People Staring - How do you cope? — Scope | Disability forum
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People Staring - How do you cope?

jenster22
jenster22 Member Posts: 9
How do you deal with people looking at you when you are in public with your child?

Recently my son, who has visual imparement and is in a wheelchair was having an 'unhappy episode' and i knew that all he wanted was to get out of the chir and for me to carry him but he is getting too heavy to do that and it wasnt an ideal situation for me to do it, (cramped shop, other kids with me etc etc)
He can not talk so just screams and grunts, and the looks i was getting from people was driving me crazy.
I tried to use a 'loud' whisper (stage whisper if you will) Its ok Joe, Mummys here, dont worry, calm down, but he just wouldnt calm down because he obviously wanted to be picked up.

Do you have any words of wisdom for stupid people who stare and make you feel 100 times worse than you do already?!

Thanks xx

Comments

  • Alex
    Alex Scope Posts: 1,305 Pioneering
    edited July 2016
    Hi Jenster22,

    I asked your question on our twitter page and got a couple of short responses:



    LucyTweeting replied: "Sometimes I roll my eyes which nicely makes the point."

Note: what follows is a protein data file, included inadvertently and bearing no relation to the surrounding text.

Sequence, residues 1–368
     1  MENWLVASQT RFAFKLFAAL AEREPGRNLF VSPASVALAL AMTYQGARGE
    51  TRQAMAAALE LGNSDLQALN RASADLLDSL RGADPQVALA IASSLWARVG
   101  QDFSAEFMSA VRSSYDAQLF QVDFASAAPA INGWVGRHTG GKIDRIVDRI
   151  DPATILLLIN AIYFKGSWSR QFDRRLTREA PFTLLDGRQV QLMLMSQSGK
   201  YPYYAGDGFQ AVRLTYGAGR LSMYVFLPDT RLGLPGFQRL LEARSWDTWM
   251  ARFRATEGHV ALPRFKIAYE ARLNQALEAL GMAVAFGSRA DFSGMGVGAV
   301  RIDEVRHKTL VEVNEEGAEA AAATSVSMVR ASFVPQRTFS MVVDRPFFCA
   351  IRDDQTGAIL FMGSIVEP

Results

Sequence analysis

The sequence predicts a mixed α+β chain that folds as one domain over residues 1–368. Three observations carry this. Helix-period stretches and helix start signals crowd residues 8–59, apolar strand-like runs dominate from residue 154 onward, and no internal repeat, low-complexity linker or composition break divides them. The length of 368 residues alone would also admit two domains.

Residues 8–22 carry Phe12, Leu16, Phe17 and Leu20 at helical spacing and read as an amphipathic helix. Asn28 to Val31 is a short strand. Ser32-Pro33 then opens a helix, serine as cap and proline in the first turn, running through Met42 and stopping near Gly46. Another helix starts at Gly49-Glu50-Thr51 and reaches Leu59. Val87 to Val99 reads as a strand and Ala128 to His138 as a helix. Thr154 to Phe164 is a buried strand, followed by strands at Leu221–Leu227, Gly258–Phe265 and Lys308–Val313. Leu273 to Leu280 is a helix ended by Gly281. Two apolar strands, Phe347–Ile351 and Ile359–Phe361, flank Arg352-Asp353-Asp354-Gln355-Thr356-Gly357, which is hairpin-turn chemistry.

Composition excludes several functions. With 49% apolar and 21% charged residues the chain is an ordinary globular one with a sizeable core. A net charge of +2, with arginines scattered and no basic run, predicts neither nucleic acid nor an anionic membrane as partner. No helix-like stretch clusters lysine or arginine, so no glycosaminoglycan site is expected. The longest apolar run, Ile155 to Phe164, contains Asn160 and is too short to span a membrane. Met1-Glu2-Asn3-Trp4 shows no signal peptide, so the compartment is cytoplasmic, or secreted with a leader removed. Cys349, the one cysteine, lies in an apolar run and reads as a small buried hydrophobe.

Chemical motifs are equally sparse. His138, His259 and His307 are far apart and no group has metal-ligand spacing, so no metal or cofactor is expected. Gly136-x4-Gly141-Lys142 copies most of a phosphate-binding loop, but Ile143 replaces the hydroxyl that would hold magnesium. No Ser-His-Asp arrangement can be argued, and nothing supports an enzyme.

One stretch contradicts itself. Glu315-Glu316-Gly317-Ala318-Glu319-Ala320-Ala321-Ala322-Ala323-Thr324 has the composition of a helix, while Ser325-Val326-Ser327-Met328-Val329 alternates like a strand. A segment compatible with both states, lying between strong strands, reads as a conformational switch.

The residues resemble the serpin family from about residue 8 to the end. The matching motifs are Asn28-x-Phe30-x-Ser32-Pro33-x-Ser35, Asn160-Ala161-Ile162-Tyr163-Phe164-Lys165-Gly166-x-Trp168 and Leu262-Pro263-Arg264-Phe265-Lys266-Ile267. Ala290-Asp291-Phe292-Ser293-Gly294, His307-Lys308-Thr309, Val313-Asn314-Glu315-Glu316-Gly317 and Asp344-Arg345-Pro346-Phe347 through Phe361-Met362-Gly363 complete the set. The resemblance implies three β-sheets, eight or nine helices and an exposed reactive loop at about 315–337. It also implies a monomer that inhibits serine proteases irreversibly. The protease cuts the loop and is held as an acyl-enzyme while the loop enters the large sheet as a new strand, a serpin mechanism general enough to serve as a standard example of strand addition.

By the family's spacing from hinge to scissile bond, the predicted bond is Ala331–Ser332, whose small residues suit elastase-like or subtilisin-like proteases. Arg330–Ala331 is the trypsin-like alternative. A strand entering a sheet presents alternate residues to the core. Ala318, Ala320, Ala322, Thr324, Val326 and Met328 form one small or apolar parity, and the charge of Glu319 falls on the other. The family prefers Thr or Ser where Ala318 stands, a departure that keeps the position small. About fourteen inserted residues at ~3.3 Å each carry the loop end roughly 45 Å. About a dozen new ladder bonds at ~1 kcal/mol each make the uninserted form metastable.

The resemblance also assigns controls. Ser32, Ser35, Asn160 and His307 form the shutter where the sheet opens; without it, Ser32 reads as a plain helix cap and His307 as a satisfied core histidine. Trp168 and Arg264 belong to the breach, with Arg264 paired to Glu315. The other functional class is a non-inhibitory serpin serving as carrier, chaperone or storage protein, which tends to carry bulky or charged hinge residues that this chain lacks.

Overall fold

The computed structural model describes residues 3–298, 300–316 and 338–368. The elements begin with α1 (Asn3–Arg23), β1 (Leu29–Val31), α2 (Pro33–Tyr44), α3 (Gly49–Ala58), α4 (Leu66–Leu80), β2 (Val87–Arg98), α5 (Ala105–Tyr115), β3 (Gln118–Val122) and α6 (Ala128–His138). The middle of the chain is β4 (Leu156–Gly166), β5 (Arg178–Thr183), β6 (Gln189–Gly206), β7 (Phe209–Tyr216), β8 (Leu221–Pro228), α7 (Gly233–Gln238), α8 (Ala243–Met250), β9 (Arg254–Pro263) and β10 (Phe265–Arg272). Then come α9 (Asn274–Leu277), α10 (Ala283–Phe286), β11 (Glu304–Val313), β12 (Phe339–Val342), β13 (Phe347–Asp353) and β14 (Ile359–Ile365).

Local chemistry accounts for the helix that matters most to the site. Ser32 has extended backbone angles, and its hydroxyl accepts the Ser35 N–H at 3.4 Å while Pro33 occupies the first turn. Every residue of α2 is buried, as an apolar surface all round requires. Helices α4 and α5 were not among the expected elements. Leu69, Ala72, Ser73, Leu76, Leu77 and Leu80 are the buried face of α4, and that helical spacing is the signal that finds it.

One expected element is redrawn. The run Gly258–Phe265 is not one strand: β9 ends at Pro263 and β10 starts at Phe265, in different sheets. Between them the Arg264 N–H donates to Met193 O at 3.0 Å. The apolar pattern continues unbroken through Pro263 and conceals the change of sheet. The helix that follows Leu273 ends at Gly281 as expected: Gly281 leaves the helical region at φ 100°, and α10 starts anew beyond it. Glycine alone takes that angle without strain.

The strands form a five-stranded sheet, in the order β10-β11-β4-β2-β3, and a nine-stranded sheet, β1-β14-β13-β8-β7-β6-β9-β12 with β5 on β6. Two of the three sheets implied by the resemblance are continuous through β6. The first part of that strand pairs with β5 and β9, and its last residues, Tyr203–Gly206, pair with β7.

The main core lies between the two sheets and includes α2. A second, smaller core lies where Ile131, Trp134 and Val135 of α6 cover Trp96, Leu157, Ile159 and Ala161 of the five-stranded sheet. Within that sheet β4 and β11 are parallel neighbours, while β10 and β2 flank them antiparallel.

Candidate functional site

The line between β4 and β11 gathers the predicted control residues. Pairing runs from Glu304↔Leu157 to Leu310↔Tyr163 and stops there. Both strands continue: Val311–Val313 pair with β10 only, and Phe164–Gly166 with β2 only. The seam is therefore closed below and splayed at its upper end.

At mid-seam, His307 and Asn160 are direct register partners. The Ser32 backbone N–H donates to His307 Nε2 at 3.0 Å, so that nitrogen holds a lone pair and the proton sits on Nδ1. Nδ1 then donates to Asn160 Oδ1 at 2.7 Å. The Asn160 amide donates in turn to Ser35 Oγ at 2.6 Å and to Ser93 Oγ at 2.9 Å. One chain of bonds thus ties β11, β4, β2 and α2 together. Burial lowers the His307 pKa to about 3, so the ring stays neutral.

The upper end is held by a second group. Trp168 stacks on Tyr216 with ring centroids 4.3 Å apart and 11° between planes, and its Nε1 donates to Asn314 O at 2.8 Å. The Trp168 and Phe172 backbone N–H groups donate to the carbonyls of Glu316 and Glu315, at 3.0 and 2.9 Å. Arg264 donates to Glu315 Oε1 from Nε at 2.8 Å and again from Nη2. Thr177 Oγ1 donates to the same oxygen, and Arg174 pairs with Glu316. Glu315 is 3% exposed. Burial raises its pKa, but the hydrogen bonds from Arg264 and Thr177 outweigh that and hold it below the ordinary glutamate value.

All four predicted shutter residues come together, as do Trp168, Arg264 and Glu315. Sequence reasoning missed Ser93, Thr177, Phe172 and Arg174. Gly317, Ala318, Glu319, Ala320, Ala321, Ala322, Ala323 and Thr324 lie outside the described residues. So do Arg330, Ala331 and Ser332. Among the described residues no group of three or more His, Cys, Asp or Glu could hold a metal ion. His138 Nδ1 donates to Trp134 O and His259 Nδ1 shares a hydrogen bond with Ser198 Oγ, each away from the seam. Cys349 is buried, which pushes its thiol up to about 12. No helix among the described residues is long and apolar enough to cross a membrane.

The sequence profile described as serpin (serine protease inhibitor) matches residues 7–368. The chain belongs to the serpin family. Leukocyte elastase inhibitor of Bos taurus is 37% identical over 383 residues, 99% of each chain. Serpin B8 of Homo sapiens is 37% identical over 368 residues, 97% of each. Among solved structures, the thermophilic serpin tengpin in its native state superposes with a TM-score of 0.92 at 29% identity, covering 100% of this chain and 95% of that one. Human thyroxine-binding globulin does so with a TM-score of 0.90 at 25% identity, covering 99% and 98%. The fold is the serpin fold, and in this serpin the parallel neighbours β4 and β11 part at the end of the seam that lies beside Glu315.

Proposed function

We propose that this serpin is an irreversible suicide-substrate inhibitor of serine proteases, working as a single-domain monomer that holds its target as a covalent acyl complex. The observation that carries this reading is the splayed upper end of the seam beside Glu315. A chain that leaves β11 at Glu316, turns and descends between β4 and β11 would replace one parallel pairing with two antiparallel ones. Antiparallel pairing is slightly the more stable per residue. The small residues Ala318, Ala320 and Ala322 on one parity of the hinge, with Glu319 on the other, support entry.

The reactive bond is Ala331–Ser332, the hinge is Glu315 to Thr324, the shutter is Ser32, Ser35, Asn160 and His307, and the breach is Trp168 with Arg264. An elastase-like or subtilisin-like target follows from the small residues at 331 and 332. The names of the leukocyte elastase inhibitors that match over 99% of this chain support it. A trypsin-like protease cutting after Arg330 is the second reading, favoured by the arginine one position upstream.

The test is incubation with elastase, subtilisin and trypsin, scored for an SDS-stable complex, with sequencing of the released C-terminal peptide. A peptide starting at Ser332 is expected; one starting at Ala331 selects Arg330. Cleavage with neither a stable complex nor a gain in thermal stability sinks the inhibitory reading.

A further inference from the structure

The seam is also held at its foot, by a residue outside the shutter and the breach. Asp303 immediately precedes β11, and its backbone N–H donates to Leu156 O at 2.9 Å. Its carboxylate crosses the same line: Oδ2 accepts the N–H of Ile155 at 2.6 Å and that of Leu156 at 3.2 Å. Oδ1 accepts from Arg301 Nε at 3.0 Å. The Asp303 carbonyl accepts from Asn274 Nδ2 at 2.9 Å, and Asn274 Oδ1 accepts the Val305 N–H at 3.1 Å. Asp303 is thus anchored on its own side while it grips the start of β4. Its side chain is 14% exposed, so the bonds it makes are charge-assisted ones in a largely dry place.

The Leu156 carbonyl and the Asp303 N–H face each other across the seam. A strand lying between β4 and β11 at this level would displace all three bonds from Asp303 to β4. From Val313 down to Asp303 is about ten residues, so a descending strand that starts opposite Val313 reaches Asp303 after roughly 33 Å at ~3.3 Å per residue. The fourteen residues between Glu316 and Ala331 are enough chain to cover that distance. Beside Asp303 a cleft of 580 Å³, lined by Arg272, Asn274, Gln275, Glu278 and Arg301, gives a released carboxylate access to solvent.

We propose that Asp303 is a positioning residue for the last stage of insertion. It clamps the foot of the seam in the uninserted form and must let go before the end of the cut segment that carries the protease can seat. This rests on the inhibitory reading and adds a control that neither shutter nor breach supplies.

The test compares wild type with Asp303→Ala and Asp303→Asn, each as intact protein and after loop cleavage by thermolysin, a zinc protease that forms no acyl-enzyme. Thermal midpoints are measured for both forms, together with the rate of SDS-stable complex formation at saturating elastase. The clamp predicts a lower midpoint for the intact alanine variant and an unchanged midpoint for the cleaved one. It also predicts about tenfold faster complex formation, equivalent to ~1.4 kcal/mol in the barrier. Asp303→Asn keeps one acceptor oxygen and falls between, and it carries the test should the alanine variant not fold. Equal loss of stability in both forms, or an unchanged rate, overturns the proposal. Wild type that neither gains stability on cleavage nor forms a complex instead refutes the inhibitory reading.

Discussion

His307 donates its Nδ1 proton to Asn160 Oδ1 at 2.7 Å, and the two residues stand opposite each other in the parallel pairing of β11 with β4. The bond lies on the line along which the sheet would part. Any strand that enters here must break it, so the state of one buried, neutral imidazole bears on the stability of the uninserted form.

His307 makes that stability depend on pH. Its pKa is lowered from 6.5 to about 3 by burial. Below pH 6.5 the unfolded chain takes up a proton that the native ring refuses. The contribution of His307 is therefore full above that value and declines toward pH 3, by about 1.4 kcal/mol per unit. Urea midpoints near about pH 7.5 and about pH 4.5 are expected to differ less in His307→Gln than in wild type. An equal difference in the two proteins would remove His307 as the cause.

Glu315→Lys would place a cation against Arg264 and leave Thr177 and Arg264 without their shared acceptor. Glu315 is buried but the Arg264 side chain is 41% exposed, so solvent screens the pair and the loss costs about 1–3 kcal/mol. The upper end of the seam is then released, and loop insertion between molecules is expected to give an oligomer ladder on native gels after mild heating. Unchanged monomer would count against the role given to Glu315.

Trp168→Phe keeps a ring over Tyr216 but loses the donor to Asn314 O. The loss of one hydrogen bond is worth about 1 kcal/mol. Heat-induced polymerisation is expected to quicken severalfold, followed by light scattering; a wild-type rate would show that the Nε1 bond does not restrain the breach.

rosiescupcakery replied: "I stare them right back, straight in the eye. But worse is parents 'shushing' their kids when they ask an 'uncomfortable' Q. Grrr..."

    Hopefully some other people will have some thoughts too!

    Alex
  • Alex
    Alex Scope Posts: 1,305 Pioneering
    And a few more responses from facebook (http://www.facebook.com/scope): Teddy Francis said "My response would be something like " I'm so glad you are going to offer to help ! Isn't awful that there are so many critics and so few 'doers' ?". Gerry Hall said "What are they truly looking at? We teach our child to notice different and we segregate anything we class as not normal simply understanding that some people are just interested due to a lack of education may help understand why people are staring." Hayley Louise Nash said "interested is fine, in fact is good, but sometimes you can tell when the staring goes beyond interest. Definately education would play a great part in ensuring people understand disability further."

Brightness

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